There’s money to be had in the online communications marketplace.
San Francisco-based Twilio, a cloud-based communication service provider, said on Thursday that it’s landed $130 million in a Series E investment round, bringing the company’s total funding to roughly $240 million. With the new funding, Twilio is now worth just over $1 billion, making it a unicorn startup.
With more businesses wanting to make the type of sophisticated applications seen at startups like home-rental service Airbnb, companies are craving ways to make their software programs more dynamic. One way to do so is to allow users to communicate within the application and even send text messages or make video calls.
Twilio has made a name for itself in the business world selling customized application programming interfaces (APIs) that developers can use to embed communication features—like text messaging, phone calls, and video calling—into their software programs. An API basically functions as the glue that enables applications to talk to each other and exchange data. Ride-hailing startup Uber is one of the many companies using Twilio’s tools to equip its apps with communication features for the users.
When someone opens the Uber application and requests a ride, it’s not a traditional call center that’s responsible for sending out the text message notifying them that their car has arrived, explained Twilio CEO Jeff Lawson in an interview with Fortune. Instead, it’s Twilio’s APIs the company has built into that app that enable the text messages as well as the ability for the rider and driver to call each other.
Essentially, the APIs send the request for communication over to Twilio’s cloud data centers, which are hosted by Amazon
Web Services. It’s in the cloud where Twilio—which works with over 1,000 worldwide carrier networks like Verizon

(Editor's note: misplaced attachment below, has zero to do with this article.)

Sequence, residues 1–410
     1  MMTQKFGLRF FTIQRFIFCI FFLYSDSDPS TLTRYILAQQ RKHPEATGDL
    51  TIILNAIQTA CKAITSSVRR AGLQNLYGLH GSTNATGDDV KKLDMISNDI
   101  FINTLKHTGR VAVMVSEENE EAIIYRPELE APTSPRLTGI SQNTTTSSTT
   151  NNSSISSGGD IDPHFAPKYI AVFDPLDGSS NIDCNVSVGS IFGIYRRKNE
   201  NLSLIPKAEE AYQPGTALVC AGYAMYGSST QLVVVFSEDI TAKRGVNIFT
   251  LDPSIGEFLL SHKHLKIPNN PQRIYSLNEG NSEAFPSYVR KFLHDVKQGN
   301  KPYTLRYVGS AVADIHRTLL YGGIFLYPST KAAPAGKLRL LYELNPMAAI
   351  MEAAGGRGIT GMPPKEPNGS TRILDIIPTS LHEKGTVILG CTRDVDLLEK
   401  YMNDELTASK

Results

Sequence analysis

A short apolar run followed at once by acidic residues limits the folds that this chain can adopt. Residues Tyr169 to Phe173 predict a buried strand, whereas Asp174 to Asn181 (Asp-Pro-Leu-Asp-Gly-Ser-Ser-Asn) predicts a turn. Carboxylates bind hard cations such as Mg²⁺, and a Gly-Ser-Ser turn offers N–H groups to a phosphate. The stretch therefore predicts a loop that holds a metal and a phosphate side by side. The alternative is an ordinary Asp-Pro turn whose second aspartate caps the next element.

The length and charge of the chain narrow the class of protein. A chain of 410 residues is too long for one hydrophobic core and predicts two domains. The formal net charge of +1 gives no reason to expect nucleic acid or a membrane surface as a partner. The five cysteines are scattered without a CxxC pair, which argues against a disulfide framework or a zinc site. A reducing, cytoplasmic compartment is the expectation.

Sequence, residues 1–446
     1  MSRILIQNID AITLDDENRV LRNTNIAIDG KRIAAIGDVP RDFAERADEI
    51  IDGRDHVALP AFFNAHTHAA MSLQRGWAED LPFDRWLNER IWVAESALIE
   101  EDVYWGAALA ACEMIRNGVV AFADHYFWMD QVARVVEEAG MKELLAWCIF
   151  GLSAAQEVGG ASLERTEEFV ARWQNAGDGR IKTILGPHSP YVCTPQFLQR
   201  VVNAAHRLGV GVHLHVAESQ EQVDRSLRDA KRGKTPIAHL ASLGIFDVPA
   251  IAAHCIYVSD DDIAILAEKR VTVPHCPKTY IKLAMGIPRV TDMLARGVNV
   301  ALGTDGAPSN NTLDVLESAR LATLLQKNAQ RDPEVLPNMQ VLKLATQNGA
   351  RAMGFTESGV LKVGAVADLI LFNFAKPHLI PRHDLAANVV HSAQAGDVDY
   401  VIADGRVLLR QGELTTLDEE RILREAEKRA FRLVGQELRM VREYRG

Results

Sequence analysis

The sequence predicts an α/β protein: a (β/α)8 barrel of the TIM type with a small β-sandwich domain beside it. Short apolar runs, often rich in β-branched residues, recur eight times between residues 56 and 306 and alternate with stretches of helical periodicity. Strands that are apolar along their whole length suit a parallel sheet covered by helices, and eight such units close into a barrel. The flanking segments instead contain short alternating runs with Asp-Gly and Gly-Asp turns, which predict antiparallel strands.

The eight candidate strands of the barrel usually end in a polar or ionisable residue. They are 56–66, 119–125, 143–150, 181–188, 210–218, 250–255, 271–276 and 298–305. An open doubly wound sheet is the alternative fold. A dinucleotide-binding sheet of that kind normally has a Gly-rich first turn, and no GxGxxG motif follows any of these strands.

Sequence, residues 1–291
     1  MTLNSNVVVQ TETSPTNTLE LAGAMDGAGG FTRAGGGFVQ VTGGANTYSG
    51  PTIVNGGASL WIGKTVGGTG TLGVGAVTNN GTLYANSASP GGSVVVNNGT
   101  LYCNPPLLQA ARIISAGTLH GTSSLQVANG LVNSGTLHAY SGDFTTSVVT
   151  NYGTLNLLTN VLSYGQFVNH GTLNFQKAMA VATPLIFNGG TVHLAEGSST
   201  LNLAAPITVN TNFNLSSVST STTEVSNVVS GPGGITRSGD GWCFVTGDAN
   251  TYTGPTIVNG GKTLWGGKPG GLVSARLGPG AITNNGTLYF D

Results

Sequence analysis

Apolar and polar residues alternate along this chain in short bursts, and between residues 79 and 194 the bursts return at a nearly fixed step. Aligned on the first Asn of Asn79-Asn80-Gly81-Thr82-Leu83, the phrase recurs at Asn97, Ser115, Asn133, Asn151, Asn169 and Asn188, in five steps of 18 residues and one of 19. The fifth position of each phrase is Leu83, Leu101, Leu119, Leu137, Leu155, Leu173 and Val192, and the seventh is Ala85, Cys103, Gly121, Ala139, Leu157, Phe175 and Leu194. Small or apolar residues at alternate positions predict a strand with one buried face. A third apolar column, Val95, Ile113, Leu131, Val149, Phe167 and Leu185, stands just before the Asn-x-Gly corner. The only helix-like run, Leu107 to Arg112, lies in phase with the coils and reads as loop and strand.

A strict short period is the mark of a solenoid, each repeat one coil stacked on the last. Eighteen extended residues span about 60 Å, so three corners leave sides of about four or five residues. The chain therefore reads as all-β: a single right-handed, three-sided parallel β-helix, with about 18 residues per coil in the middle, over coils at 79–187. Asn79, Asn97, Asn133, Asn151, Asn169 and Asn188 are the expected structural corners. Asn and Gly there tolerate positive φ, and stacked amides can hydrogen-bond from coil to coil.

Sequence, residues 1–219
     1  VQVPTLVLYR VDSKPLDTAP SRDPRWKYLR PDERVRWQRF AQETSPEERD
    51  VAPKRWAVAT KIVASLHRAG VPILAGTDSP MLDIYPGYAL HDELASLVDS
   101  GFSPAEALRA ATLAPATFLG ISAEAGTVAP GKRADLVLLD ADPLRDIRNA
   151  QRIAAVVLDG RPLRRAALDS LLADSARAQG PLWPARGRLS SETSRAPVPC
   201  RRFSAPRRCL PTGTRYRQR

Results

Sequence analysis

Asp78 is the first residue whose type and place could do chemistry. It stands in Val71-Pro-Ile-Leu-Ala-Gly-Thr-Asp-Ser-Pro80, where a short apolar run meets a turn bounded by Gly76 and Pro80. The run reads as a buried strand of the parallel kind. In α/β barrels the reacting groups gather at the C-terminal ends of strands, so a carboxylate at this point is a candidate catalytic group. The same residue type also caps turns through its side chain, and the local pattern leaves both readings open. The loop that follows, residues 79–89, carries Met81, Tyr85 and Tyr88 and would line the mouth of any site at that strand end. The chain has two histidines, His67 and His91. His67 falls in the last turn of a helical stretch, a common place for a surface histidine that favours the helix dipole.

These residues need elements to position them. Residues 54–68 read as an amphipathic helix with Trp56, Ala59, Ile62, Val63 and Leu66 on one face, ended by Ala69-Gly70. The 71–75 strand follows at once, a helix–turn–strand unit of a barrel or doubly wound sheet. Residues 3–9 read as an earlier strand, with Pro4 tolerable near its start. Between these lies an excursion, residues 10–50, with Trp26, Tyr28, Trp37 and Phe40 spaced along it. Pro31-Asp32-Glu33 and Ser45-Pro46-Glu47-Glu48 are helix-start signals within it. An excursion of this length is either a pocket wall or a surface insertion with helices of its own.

—is able to process and deliver the text message or phone call back to the application via the API.
Lawson claims that one of the main reasons Twilio has gained so much attention is because of its APIs’ popularity with developers. According to Lawson, 700,000 developers now use Twilio’s services.
When Lawson first co-founded the company in 2008, “The prevailing wisdom was that developers were not a market,” he said.
Over the years, however, the advent of the cloud provided developers with easier ways to build their applications. With simpler ways to build applications, developers started to get more mindshare within their companies, who were turning to them to craft the software necessary to give them a competitive edge.
“The tools a developer knows, they then bring those into the place where they work and influence the tech buying decisions of a company,” Lawson said.
Once a developer spreads the love of Twilio’s service throughout the company, Twilio hopes to capitalize and establish a business relationship, he explained.
It’s this land-and-expand strategy that many startups with large developer fanbases, like Docker and Cloudera, hope will pay off by getting them a foot in the door of a company they can then do business with.
Lawson said that Twilio has “no specific time frame” for a possible IPO, but at some point, the company will likely make the transition to the public markets.
The company, which has 450 employees, counts a number of big businesses as customers, including Nordstrom, Coca-Cola, and Home Depot.
Fidelity and T. Rowe Price drove the latest funding round, along with new investors Altimeter Capital Management and Arrowpoint Partners. Strategic investors Amazon.com and Salesforce Ventures also participated in the round.
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